Lafayette, Nouse Somme Ici!
On October 19th, 1781, as the British troops and their Hessian mercenaries marched out of Yorktown, they refused to look at the American troops lined up on one side of the road. Instead, they focused their gaze on the magnificently uniformed French troops on the other side. Already creating a protocol breech by sending out their second in command to actually hand over the sword, he attempted to hand his sword to the French. They rebuffed him. Still the marching troops kept their gaze locked on the French troops.
Mounted on his horse and standing with the Americans, the young Frenchman, Lafayette, noticed what was happening. What the British were doing angered him greatly and he decided to do something about it. Turning in his saddle, he signaled for the band to begin to play – also a breech of protocol, as only marching units (i.e. the Brits) normally played their fifes and drums while moving. But Lafayette gave the signal, and the Americans began to blast the British troops with a rousing rendition of “Yankee Doodle,” by all accounts their favorite tune.
Almost as a man, the British heads snapped around to the other side of the road, there to come at last face to face with their former subjects and the men who had fought them to this moment. The Americans had no fancy uniforms, and indeed mostly only the officers and men of the Continental Army regulars had any identifiable uniforms. Only a cockade on his hat identified Washington as the General.
But it was the Militiamen who caught everyone’s eyes. They had no uniforms and almost no shoes. But their gleaming muskets – shined to a sparkle – told the story of what had happened. The Americans had won. They had defeated – with French help – the British Empire.
And among the Americans, that is to say not with the fancy dressed French troops, sat the Marquis de Lafayette, smiling and no doubt whistling along to Yankee Doodle.
He had made his point, and he had forced the British to look Americans in the eye.
President Obama tonight, in his short remarks on what was happening in Paris reminded us that France is “our oldest ally.” And they are. From 1778, when France decided to ally herself with the upstarts, she has almost always stood by our side.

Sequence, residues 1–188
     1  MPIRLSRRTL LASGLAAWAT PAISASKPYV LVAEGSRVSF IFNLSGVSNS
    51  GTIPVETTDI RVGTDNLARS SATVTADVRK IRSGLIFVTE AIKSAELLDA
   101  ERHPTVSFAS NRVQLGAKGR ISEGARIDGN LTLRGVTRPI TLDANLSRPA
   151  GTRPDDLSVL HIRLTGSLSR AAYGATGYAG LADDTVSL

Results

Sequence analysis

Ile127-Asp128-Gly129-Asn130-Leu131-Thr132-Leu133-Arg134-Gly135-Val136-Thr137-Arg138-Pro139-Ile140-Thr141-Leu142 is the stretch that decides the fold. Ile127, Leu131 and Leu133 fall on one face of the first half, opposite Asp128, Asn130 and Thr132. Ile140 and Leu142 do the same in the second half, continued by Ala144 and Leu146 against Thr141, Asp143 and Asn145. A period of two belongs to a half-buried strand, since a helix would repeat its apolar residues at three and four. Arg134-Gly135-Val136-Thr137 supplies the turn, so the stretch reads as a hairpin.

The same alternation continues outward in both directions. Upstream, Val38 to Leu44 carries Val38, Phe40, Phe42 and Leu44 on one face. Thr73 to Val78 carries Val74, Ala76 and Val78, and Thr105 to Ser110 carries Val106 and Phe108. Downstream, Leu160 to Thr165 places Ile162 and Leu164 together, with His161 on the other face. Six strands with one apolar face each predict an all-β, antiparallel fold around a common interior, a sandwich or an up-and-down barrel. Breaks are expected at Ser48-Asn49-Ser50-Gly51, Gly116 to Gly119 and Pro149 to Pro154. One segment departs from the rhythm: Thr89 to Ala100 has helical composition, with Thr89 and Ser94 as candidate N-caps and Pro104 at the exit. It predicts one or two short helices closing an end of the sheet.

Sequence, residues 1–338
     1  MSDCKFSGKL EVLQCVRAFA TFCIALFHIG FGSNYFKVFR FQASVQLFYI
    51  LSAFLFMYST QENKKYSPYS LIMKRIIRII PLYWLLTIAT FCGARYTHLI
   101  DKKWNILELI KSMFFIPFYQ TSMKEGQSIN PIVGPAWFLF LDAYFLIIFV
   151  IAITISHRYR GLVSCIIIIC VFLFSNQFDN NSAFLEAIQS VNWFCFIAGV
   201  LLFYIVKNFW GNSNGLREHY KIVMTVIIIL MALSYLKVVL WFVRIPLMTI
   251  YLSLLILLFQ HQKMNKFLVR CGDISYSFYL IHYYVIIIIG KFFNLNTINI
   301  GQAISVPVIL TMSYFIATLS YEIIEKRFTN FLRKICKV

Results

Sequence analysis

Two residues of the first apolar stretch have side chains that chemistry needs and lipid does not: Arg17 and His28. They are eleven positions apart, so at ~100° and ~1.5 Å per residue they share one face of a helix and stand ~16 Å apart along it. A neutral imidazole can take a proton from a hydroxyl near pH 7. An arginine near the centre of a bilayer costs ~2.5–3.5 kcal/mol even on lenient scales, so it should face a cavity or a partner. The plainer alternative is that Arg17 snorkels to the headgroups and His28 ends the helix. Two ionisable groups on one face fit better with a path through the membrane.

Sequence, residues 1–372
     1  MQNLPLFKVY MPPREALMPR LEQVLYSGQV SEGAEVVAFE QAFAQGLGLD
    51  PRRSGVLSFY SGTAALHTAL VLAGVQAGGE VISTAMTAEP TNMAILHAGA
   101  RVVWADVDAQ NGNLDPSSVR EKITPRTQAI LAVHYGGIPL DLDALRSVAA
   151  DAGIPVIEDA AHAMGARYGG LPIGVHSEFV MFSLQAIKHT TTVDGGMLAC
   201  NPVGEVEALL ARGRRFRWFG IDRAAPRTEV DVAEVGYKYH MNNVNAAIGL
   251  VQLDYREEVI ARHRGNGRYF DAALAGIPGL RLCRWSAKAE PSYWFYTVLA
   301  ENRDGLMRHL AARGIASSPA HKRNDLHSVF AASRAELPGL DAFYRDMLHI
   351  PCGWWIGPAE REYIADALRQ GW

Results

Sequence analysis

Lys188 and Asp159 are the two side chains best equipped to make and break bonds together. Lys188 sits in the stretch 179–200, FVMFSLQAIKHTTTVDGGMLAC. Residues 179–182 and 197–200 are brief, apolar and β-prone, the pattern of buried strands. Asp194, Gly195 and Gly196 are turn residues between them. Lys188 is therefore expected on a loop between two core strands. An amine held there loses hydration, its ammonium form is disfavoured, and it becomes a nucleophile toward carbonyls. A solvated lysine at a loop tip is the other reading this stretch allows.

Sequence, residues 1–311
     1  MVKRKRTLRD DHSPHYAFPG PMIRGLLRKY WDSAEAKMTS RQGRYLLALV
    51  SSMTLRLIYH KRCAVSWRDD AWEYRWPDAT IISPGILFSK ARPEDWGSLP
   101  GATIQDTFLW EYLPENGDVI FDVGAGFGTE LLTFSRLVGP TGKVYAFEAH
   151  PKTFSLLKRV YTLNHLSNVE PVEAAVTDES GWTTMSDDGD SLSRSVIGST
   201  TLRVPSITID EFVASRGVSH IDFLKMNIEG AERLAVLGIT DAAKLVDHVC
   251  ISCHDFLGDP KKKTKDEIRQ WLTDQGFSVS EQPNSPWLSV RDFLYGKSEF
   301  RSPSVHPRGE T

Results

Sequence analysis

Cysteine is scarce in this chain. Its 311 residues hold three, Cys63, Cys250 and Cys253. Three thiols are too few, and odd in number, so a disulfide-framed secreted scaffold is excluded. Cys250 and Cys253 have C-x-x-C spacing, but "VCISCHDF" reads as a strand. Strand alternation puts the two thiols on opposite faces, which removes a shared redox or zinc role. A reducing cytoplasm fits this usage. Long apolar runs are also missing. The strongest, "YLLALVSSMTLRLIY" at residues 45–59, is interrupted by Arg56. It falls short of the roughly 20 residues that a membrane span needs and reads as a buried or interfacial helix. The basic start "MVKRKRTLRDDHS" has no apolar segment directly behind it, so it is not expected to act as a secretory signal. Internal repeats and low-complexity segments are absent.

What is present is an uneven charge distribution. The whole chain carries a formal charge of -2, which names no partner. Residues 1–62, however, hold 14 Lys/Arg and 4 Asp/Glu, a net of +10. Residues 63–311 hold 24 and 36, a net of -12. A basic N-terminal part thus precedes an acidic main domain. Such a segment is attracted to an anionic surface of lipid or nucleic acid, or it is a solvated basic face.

It is the oddest – and sometimes the most uncomfortable – of alliances. Americans despise crowns, and carried a tradition of Protestantism. The French who stood at Yorktown that day, all but worshiped their staunchly Roman Catholic King. And while the next two centuries would see disagreements and even the occasional threat, the bond between the two countries is strong, because when we most needed a friend, Lafayette, and all of France, was here.
When General Black Jack Pershing reached Paris in 1917, he stopped to visit the tomb of Gilbert du Motier, Marquis de Lafayette. There his aide, Colonel Charles Stanton mouthed the words, “Lafayette, we are here.”
In 1941, an American film company was working on a film that told the story of ex-patriots and refugees stuck in the backwater Vichy French City of Casablanca. In one scene, the German occupiers begin singing a marching tune, and the leader of the Underground orders the American Club Owners Band to play the French Anthem. If you watch the scene, you will notice that there are real tears of patriotism and joy as the performers in the film – many of them actual French and other nationalities, but all refugees from the Nazi occupation, sing their Anthem in an American night club, drowning out the German song.
There are those who believe that we have repaid any debt of honor we owe France through the two World Wars and the rebuilding of post-war Europe.
But true friendships do not keep track of such debts. They simply show up when the need is great and say, “We are here.”